10 major hospitals ask Congress to scrutinize Genentech distribution changes
- In early October, Ascension Health banned Genentech reps after the biotech company changed its distribution model for top-selling cancer drugs Avastin, Herceptin, and Rituxan. Under Genentech's changes, the drugs are only available through six specialty dealers.
- Now, a group of 10 major academic centers have joined forces to complain to Congress about the move, citing the increased costs—tens of millions of dollars—associated with having to carry inventory in order to hedge against supply disruptions.
- The letter also asserts that the changes will force the centers to offset much-needed funds from investments in research, programs, and technology.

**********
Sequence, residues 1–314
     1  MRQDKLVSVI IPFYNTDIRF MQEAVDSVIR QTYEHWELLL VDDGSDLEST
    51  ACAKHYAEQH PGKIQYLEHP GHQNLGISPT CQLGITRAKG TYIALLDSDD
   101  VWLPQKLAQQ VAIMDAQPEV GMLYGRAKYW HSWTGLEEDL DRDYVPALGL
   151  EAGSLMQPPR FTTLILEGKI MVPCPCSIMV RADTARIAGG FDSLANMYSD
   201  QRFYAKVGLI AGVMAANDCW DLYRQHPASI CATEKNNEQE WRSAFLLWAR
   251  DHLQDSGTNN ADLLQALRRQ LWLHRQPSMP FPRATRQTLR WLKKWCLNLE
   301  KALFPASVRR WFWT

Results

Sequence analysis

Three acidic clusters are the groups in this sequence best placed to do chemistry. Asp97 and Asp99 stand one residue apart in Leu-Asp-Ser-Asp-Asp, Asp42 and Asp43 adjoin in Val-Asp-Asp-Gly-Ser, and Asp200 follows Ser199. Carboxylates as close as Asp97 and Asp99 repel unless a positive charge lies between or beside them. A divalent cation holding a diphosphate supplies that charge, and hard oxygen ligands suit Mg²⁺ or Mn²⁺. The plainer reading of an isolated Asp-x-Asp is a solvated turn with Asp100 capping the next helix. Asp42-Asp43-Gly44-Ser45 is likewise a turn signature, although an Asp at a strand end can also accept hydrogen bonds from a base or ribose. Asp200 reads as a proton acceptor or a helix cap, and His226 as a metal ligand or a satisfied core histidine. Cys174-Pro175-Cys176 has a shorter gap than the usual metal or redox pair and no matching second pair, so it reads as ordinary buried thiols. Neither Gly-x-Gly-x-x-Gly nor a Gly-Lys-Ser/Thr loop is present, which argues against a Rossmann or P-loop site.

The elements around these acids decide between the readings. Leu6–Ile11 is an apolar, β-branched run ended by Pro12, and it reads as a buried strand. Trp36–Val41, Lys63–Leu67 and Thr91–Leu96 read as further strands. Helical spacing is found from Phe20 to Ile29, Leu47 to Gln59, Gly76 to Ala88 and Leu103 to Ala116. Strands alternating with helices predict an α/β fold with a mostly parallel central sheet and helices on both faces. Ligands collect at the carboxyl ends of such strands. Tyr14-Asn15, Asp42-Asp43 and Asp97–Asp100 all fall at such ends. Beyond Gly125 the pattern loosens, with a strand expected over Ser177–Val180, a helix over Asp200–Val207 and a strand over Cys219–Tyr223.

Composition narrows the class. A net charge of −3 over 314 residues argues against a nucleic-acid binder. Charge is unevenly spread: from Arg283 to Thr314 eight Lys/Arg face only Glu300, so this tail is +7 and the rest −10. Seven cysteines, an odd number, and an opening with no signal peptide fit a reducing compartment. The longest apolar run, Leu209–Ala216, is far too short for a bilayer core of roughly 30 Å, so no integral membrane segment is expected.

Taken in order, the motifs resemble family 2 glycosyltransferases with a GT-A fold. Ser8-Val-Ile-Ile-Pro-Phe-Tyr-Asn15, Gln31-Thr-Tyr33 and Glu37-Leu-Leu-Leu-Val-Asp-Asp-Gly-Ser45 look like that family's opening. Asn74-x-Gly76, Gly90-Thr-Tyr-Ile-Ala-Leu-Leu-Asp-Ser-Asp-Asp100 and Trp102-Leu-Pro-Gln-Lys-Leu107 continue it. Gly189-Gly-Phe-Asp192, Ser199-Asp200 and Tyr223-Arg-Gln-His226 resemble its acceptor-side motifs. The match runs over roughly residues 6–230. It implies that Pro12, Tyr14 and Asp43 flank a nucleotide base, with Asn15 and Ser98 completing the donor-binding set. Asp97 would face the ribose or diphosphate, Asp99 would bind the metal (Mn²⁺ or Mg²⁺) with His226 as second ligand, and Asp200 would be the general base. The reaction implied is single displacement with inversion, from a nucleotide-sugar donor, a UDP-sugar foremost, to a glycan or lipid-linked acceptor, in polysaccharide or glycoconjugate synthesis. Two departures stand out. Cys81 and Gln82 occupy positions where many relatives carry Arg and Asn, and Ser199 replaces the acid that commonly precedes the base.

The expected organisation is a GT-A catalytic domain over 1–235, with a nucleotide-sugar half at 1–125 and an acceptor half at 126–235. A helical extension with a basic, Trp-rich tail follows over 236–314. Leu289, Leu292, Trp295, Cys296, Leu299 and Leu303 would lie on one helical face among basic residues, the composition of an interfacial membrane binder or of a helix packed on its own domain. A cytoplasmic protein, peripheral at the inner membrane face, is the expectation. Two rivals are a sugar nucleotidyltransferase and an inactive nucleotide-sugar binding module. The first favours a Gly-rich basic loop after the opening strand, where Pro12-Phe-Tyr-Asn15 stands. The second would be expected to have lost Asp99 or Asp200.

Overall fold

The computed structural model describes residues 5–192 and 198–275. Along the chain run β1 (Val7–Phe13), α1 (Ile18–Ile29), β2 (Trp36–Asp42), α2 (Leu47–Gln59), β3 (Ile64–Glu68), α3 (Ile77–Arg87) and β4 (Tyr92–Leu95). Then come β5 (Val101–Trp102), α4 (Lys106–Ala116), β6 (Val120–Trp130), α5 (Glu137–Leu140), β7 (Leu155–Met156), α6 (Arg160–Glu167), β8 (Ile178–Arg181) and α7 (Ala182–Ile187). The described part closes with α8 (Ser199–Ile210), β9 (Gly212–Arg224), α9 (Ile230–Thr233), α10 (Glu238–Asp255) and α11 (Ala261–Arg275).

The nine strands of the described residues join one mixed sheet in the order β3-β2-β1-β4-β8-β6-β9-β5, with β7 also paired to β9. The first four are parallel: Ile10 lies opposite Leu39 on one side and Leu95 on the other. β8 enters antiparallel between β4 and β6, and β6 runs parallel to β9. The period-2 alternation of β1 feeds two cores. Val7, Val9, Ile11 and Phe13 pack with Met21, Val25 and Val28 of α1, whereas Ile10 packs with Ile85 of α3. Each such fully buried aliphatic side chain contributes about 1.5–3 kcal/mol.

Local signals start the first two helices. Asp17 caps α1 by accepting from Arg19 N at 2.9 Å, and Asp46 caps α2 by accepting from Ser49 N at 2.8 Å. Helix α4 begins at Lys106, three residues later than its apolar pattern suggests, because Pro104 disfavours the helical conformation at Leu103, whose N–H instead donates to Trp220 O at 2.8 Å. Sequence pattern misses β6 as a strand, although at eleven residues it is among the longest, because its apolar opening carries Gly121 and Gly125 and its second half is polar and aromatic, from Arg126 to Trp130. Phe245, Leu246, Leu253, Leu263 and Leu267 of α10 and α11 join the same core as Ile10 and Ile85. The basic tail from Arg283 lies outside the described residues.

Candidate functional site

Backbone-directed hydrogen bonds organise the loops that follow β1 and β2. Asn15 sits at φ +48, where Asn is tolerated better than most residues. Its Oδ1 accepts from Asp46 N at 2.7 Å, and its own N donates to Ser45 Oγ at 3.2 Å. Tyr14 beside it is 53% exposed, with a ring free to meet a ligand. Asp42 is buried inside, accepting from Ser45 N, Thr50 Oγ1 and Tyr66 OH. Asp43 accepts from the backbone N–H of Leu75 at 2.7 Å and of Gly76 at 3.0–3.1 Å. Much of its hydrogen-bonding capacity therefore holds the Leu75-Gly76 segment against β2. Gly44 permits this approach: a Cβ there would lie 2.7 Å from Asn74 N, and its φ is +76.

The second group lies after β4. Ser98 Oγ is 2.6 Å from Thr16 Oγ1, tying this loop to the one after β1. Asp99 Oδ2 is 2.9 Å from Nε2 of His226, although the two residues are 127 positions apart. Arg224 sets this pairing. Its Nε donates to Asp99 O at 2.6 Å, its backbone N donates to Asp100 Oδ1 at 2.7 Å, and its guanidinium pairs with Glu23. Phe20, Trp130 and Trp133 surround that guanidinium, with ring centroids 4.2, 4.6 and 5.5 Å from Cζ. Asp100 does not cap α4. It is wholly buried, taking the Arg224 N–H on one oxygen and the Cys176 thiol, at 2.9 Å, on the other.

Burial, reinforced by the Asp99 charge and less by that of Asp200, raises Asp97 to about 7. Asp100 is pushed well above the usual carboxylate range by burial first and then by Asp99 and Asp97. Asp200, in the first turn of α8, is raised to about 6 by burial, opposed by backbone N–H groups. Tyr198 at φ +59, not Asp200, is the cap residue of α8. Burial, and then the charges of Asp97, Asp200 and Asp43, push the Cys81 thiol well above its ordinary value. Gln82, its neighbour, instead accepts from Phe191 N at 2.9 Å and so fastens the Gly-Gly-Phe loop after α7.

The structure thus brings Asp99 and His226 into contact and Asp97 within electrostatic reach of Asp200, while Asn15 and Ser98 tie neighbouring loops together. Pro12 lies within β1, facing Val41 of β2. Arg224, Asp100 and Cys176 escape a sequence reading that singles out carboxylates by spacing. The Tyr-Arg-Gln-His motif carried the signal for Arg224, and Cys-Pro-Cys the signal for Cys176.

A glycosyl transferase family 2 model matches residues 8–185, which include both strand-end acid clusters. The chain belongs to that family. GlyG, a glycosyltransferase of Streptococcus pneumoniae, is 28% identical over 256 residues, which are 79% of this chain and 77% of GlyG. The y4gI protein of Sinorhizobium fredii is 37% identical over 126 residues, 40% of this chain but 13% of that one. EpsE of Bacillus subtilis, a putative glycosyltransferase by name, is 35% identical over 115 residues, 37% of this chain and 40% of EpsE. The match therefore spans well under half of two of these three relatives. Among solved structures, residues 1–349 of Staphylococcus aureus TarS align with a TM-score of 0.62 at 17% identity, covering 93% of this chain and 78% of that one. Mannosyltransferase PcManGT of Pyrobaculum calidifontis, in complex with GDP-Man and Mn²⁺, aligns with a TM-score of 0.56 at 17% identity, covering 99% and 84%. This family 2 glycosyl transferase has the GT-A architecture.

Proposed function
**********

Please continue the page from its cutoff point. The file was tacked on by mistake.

Not only is Genetech facing restriction from the 1,900 Ascension hospitals nationwide, but now 10 other major medical centers have piled on, including Boston-based Partners Healthcare, Mt. Sinai Medical Center in NYC, Ohio State University Medical Center, and others.
Genentech claims that it was necessary to winnow distributors from around 80 to a handful of specialty companies in order to improve distribution management, and to ensure supply when there are manufacturing challenges or other factors that might threaten development.